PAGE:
By a vote of 3-2, the Federal Communications Commission approved a plan which commits $2 billion to fund the installation of broadband and wireless networks in schools across the country. The commission will do this without increasing costs to taxpayers or cell phone users, at least for the time being.
Instead, the project will be funded in two ways. First, the E-Rate program, which subsidizes outdated technologies such as pagers and dial-up Internet, will be discontinued. Those subsidies will now go toward broadband connections and wireless networks. However, most of the funding is coming from the FCC's reserve accounts.
"We're at a watershed moment," says FCC Chairman Tom Wheeler. "Because of what we do today, 10 million kids will be connected next year who otherwise wouldn't. That's a good days work."
The plan has proven to be surprisingly controversial. Republicans warn the plan will be unsustainable without an increase in the amount of money currently charged to mobile phone users to support E-Rate. White House spokesman John Earnest said in order to meet Obama's goal of providing Wi-Fi in all schools, an increase of about $5 per year for each user may be necessary.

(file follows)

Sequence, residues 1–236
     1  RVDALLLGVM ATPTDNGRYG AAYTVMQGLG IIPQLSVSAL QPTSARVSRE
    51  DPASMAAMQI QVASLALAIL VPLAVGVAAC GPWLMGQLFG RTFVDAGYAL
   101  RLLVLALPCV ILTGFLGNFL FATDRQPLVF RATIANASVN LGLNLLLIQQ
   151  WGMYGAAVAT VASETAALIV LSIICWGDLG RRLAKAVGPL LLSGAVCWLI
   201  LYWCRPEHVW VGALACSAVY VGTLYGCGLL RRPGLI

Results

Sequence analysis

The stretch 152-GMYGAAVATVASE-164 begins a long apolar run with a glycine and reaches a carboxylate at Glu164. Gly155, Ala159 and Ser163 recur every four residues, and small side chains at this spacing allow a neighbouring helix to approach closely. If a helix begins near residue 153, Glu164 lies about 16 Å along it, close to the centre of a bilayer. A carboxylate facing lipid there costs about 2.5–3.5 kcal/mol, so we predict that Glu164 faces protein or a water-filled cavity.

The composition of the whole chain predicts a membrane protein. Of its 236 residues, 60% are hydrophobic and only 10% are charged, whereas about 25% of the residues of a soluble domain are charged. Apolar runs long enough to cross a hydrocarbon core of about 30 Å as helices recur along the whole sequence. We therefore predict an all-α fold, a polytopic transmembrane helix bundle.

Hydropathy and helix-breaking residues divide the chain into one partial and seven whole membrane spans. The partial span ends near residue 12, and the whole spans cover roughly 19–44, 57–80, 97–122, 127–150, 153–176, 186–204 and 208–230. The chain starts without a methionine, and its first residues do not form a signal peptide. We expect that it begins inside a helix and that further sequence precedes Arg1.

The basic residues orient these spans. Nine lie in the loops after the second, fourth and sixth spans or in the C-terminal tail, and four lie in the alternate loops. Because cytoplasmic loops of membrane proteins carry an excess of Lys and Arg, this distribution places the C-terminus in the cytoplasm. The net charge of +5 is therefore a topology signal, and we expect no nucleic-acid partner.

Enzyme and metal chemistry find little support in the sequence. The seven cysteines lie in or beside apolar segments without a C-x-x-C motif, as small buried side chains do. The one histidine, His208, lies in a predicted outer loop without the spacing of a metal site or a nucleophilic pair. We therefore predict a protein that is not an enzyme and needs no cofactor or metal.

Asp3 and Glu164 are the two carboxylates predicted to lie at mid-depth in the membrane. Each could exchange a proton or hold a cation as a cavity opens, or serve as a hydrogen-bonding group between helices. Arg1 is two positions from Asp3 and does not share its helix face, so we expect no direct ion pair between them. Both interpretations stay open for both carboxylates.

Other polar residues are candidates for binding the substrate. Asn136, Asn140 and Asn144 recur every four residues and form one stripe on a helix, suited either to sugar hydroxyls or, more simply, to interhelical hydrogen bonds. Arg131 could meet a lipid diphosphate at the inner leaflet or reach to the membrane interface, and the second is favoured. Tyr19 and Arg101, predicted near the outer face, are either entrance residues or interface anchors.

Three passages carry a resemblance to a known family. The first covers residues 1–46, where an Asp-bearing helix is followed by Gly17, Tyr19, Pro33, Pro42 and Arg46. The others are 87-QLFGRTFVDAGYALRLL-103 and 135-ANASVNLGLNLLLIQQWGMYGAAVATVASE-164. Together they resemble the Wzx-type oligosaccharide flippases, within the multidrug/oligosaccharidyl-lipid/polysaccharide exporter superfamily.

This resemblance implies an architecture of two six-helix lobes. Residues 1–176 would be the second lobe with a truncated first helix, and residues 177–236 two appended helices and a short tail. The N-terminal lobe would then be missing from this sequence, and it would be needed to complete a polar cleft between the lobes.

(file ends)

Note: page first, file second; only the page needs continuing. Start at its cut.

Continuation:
Many Democrats also take issue with the proposal, but for different reasons. They argue the plan will focus too heavily on providing Wi-Fi to some schools at the expense of continuing basic Internet service at others. Wheeler and the FCC's two Democratic representatives did make changes in the plan to ensure that broadband service for schools was the priority, with wireless networks added as funds allow.
"It certainly is not perfect, and there are key aspects I would have approached differently, but the order makes key improvements," says FCC Commissioner Mignon Clyburn.
The two Republican commissioners, Ajit Pai and Michael O'Rielly, criticized Wheeler for focusing on the requests of the Democratic representatives without considering the Republican opinion. The proposal funds the first two years of the project under the assumption that more funding will be made available for future years, a fact which Republicans and Democrats alike have criticized as somewhat reckless, possibly requiring either an increased cost to the public or a premature shutdown of the program.